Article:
'Walk the Line,' 'Buckle Brothers' among films from former students
AFI alums fuel opener, other pics
It happens every year — American Film Institute alums make their mark in the AFI Fest lineup.
Eleven of the more than 120 films chosen this year are in some way tied to former students. But just because a filmmaker graduated from AFI doesn’t mean automatic acceptance into the festival.
“There’s absolutely no special consideration,” says AFI Fest programming director Nancy Collet. “Most of the time we don’t even know the films have anything to do with AFI. Sometimes people mention it in a letter but the submissions are separated from those as soon as they arrive. It’s a very diplomatic and careful process.”
That said, Collet is quick to add, “I’m always excited when I find out that some of the films were related to AFI. It makes me glad we chose them. It speaks to the high level of training the fellows receive at the conservatory.”
Among the alums’ films she recommends festgoers keep an eye out for are docu entry “The Art of Flight”; American Directions selection “Swimmers,” featuring Tony winner Cherry Jones; and black-and-white comedy “Mutual Appreciation,” from Andrew Bujalski, director of “Funny Ha Ha.”
Here’s a closer look at three films in this year’s lineup that have ties to AFI’s film school:
Walk the Line
(Gala Presentation — Opening Night)
Already a critical and audience favorite after fest exposure at Telluride and Toronto, the Johnny Cash biopic “Walk the Line” will open the fest Nov. 3. Co-writer Gill Dennis was in AFI’s first class, alongside such luminaries as David Lynch, Terrence Malick and Caleb Deschanel, and now he’s a teacher at the conservatory.
He labored on the “Line” script for eight years, during which time it landed with director James Mangold, a former student from Dennis’ days at CalArts. “It was great. I called him boss and he called me sir,” Dennis says about working with his former student on a major Hollywood project.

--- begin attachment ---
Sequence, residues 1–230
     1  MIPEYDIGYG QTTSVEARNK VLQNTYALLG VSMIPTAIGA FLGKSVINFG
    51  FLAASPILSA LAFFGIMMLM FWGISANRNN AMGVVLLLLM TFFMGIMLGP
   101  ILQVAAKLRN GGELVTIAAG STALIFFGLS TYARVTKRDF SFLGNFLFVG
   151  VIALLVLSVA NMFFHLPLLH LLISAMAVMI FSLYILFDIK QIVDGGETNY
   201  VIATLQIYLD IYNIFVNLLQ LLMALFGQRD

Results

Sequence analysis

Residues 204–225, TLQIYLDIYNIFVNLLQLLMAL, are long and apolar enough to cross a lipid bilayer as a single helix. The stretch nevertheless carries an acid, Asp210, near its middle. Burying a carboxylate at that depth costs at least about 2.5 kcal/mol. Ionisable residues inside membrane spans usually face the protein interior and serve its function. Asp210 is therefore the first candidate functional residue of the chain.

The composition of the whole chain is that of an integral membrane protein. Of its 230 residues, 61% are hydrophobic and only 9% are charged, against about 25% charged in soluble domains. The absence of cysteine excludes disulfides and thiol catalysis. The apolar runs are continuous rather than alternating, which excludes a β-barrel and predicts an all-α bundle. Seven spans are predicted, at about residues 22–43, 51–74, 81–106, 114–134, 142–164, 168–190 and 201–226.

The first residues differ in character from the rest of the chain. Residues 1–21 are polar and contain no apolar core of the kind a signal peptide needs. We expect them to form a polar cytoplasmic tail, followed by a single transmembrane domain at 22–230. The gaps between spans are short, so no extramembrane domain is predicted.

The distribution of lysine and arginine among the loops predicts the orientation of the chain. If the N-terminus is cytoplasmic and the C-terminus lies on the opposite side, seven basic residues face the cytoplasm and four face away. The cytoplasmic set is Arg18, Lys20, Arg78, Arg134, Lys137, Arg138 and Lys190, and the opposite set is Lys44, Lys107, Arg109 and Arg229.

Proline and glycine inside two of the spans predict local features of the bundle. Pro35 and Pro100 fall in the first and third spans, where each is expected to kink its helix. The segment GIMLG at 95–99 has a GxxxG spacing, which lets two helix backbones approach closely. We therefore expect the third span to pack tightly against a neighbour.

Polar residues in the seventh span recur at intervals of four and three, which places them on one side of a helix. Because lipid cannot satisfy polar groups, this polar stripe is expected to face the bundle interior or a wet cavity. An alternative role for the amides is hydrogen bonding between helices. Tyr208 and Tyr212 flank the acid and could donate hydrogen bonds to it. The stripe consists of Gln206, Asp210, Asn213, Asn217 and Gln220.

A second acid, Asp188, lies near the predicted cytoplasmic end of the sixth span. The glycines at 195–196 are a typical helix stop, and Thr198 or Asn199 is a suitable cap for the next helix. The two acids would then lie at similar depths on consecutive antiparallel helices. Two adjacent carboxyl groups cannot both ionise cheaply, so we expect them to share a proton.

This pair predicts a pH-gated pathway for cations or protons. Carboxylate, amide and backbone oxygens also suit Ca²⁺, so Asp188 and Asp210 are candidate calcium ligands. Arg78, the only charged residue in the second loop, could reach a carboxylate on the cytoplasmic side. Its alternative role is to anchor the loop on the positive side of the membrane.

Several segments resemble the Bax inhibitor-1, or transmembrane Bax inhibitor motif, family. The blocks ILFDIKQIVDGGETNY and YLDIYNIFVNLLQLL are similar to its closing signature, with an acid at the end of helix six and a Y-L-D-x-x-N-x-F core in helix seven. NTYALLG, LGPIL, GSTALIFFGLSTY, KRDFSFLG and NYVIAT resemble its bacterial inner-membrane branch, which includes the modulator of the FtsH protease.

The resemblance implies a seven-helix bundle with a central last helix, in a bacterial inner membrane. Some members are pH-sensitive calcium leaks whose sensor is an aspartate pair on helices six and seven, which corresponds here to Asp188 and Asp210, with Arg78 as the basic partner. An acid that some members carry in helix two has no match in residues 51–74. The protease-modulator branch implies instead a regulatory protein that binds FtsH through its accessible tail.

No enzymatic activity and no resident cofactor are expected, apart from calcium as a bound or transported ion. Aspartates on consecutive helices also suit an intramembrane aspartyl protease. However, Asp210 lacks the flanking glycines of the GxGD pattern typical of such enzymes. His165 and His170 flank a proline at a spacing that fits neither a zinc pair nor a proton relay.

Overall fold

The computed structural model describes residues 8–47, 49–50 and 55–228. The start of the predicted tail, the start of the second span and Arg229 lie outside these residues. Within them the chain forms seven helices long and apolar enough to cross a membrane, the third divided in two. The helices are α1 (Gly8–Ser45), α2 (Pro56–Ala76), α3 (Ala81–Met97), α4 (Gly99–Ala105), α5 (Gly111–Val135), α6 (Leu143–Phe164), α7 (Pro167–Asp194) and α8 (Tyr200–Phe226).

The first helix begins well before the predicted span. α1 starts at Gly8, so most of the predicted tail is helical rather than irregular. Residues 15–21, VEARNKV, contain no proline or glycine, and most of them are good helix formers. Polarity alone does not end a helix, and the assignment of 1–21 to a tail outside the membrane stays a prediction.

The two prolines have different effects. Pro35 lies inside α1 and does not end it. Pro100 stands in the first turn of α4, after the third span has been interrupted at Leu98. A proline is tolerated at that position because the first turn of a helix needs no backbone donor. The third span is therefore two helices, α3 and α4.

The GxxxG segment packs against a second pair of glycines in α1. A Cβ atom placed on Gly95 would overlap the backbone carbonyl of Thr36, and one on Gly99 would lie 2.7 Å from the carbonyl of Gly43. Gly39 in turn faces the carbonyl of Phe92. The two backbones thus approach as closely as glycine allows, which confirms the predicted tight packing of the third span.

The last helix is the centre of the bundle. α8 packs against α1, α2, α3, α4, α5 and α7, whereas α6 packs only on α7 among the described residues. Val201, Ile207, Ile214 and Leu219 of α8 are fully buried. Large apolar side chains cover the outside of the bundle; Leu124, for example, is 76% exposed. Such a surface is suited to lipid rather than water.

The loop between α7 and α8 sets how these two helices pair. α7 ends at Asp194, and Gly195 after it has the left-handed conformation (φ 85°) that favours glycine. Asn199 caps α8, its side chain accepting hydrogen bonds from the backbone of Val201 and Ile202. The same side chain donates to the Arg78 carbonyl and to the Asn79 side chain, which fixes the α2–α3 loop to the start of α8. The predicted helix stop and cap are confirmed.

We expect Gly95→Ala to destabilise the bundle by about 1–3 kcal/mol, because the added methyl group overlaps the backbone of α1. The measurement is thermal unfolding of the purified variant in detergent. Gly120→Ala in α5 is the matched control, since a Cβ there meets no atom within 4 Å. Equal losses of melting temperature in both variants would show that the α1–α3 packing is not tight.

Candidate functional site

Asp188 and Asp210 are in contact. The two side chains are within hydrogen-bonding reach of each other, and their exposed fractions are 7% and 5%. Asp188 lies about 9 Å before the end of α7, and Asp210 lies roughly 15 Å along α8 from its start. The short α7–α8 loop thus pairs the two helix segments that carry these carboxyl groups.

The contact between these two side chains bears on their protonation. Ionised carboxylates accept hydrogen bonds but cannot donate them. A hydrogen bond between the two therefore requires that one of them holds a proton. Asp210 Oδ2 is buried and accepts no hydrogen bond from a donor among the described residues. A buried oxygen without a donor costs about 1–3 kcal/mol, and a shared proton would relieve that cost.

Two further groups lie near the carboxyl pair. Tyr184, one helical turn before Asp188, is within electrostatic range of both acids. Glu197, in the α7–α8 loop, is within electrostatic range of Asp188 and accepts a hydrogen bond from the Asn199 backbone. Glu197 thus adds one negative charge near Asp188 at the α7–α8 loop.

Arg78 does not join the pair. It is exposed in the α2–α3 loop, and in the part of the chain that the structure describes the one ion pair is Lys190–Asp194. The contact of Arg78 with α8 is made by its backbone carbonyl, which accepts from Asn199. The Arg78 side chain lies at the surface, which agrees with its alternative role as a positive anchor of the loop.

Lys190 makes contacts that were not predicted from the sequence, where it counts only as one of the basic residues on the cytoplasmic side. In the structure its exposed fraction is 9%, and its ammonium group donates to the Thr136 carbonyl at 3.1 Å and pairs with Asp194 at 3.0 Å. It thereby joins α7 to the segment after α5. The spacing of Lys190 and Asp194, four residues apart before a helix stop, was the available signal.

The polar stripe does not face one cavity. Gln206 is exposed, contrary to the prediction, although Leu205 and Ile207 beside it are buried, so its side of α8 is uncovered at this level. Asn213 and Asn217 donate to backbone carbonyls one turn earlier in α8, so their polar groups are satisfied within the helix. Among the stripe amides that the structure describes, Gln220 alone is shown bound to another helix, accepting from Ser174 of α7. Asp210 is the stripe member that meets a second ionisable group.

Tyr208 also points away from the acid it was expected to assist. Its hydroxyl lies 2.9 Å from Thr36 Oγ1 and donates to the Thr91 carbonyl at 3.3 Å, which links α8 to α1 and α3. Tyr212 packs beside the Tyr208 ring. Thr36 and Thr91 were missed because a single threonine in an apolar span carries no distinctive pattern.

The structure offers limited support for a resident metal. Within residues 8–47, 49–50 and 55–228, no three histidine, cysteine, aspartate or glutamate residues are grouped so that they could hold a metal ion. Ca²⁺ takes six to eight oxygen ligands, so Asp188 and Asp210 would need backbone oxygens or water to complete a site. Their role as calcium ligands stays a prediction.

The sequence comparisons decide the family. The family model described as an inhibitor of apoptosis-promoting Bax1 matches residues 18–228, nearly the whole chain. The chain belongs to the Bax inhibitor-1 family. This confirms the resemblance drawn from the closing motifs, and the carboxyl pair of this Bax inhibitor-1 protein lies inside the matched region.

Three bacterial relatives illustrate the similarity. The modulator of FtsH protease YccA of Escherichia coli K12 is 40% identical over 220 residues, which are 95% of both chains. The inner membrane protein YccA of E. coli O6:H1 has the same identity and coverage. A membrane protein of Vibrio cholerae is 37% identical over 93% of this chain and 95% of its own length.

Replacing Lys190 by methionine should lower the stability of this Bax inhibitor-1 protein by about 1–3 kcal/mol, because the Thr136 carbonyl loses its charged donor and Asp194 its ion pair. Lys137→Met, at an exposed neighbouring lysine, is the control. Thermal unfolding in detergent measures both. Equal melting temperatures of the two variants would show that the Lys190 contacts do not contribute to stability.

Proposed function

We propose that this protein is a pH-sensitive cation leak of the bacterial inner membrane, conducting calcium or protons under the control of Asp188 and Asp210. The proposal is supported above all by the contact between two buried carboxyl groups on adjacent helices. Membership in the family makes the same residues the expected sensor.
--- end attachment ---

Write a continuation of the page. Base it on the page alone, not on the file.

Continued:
The scribe adds that one of the biggest challenges in bringing Cash’s life to the bigscreen was making sure the concert performances held as much dramatic weight as the rest of the film. “The thing that usually happens (in a musical film) is you get to the song and the movie stops,” Dennis explains. “We spent a lot of time making sure there was something going on between the performers onstage or someone in the wings or in the audience. It’s a continuation of what they came onstage with.”
(Intl. Doc Competition)
Rodeos and inner cities might seem like polar opposites, but not so in this world premiere documentary, which mixes hip-hop culture and the cowboy lifestyle. Filmmakers Marquette Williams and Marcus Franklin follow four young people from South Central and Compton who compete on the rodeo circuit. “There’s an ideology of what is black. Black is what you are, not what you do,” Williams says of the unconventional subject matter.
Though neither Williams nor Franklin are AFI alums, Franklin’s father is: He’s director Carl Franklin (“Devil in a Blue Dress,” “One False Move”). Williams says the elder Franklin was among several AFI alums that mentored the project every step of the way, offering moral support and invaluable knowledge, but the film had to stand on its merits during the submission process.
The filmmakers were so intent on premiering the doc in Los Angeles they turned down invitations from two other festivals while waiting to hear from AFI.
Williams, a father and 20th Century Fox employee who made “Buckle Brothers” during his nights and weekends, is hoping audiences will challenge their own stereotypes and discover that “being a cowboy transcends all racial boundaries.”
THE BIG WHITE
“We don’t use the f-word,” scribe Collin Friesen jokes about this snow-filled dark comedy, which has already garnered comparisons to the Coen brothers’ “Fargo.” “I’m from a cold-weather climate and I’m used to snow. A lot of the things I write are going to have snow on the ground.”
Although he’s originally from Winnipeg, Canada, Friesen wrote “White” during his days as a screenwriting student at AFI in the late ’90s. His teachers responded positively, but it didn’t look like there would be much of a future for the quirky project.
“Every year they submit one script from each writing group to put up for a scholarship award,” Friesen recalls. “I was hoping this would be the one, but it wasn’t even judged the best of my writing group.”
But that was then and this is now. With a star-studded cast, including Robin Williams, Holly Hunter and Woody Harrelson, the festival was only too happy to program the pic this year.
Friesen couldn’t be more pleased: “I’ve been to the AFI Fest before, but I took a pledge about two years ago that I wouldn’t go to another film festival until I got a movie into one. Now I can go back.”